Tribute to the World Tree ($6 to $8, 50k decks) – It’s been a while since a card premiered at a certain price and stayed at that price, barely moving up or down, but that’s what we’ve got here:
Someone decided early on that this was a $6 card and while it’s sold copies at $7 thanks to the Direct bump, the graph has stayed remarkably consistent. It’s one of the top inclusions from the set and only a very restrictive mana cost keeps this from kicking butt all over the place. It does two things all at once: draws you cards for the big things, and puts counters on the little things. Depending on your deck, you might want one or both of these effects. The popularity of this card has me thinking that it’s a great candidate to increase in price soon, but don’t look for this to light up Mono-Green lists anytime soon outside Commander.
Faerie Mastermind ($10 to $12, 43k decks) – Blessed few World Championship winners have made bad cards, and the Mastermind is good on a bunch of levels. First of all, we just got a couple of new Faerie toys plus some use in Standard, which is why we’ve left behind the low price of sub-$5:
It’s pretty easy to flash this in and draw a card in response to something an opponent does in any game of Magic. We’ve mostly learned that drawing cards is good, and there’s not much that’s better.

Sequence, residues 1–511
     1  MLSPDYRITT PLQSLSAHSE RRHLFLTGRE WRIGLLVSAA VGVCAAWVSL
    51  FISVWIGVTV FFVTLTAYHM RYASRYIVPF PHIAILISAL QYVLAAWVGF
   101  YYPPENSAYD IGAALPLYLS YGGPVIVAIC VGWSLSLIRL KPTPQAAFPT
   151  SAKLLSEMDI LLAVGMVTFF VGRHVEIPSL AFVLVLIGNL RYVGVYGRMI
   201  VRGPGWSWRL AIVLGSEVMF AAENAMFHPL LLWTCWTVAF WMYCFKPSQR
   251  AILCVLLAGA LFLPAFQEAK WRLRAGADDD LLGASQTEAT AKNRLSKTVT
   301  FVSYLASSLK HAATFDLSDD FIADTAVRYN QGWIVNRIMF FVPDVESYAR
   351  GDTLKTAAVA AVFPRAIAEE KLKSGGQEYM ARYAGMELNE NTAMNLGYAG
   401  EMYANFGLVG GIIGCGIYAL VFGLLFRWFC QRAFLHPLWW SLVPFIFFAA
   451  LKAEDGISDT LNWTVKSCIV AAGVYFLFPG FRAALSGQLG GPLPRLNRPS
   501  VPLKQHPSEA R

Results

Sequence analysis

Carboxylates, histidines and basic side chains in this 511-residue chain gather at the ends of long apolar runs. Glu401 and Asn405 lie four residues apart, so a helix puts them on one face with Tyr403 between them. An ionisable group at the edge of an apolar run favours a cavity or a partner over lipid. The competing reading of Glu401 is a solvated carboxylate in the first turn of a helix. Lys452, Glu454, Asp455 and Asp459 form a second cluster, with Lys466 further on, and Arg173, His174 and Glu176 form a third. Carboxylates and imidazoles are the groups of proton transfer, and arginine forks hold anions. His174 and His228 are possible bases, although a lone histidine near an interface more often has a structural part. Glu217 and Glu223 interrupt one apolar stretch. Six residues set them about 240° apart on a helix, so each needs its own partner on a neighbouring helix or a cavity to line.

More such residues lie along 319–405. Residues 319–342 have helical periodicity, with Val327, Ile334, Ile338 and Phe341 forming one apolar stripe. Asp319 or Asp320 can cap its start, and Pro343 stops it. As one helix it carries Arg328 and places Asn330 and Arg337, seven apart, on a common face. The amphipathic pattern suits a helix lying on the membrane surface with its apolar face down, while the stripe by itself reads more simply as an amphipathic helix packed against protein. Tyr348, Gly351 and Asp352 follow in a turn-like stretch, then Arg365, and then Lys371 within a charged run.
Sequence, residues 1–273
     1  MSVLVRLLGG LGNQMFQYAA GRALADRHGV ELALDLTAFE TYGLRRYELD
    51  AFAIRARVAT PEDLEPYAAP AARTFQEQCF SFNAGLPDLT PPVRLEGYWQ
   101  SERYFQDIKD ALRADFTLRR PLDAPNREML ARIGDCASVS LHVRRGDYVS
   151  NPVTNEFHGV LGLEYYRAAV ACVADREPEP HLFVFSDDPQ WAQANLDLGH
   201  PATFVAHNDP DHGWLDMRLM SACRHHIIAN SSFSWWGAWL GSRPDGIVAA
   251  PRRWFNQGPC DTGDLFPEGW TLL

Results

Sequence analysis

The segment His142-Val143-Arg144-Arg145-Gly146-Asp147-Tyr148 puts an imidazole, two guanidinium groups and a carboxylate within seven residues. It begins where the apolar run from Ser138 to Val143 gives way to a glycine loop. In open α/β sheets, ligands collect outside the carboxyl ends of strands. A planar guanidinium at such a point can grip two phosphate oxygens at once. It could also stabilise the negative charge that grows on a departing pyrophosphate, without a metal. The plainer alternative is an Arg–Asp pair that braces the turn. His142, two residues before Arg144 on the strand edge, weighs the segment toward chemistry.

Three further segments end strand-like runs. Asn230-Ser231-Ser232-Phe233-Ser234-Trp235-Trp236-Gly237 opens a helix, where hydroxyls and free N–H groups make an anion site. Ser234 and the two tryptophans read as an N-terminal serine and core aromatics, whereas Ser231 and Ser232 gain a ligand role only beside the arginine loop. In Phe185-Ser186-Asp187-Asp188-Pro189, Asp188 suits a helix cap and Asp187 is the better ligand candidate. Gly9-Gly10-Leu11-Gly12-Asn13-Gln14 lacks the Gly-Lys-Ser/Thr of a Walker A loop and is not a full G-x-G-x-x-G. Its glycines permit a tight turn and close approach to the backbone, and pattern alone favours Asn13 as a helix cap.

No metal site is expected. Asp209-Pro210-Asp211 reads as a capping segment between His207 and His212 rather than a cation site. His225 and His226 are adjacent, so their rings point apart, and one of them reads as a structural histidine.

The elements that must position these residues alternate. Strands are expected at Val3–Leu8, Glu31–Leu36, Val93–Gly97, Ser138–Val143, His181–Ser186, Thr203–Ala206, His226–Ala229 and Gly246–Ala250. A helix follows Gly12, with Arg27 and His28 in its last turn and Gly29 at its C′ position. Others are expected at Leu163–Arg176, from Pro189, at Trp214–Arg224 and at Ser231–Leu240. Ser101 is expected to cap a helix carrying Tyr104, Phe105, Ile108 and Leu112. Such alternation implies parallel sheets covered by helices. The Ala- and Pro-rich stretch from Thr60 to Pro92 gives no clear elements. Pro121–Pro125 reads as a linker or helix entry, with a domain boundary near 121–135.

He’s a Rogue, in case the Party is a thing or Prowl effects come back into vogue. Mainly, though, this is a fun reactive card in Standard and something really fun to use in Commander, where your generosity is not only greater for yourself, it’s a political tool up for negotiation. I can see this coming back down if it falls out of favor in Standard, but the Commander use will always be there.
Kami of Whispered Hopes ($0.75 to $4, 35k decks) – One of the rules for Commander deckbuilding is that if you want an effect, you want as many versions as possible for that effect. So if you build a Nekusar deck, you include effects like Underworld Dreams and Fate Unraveler.
The Kami works on a similar axis, where if you’re in a +1/+1 counters deck, you want every effect that increases those counters. Plus, you get extra mana for it!
As an uncommon, you’d normally be stuck at having a regular or a pack foil, but there’s a promo pack version that I’m advocating for. Only a couple of vendors have notable walls, and given the number of people who have these promo foils listed for $9 or $10, they are also believers that there’s nowhere to go but up for this card.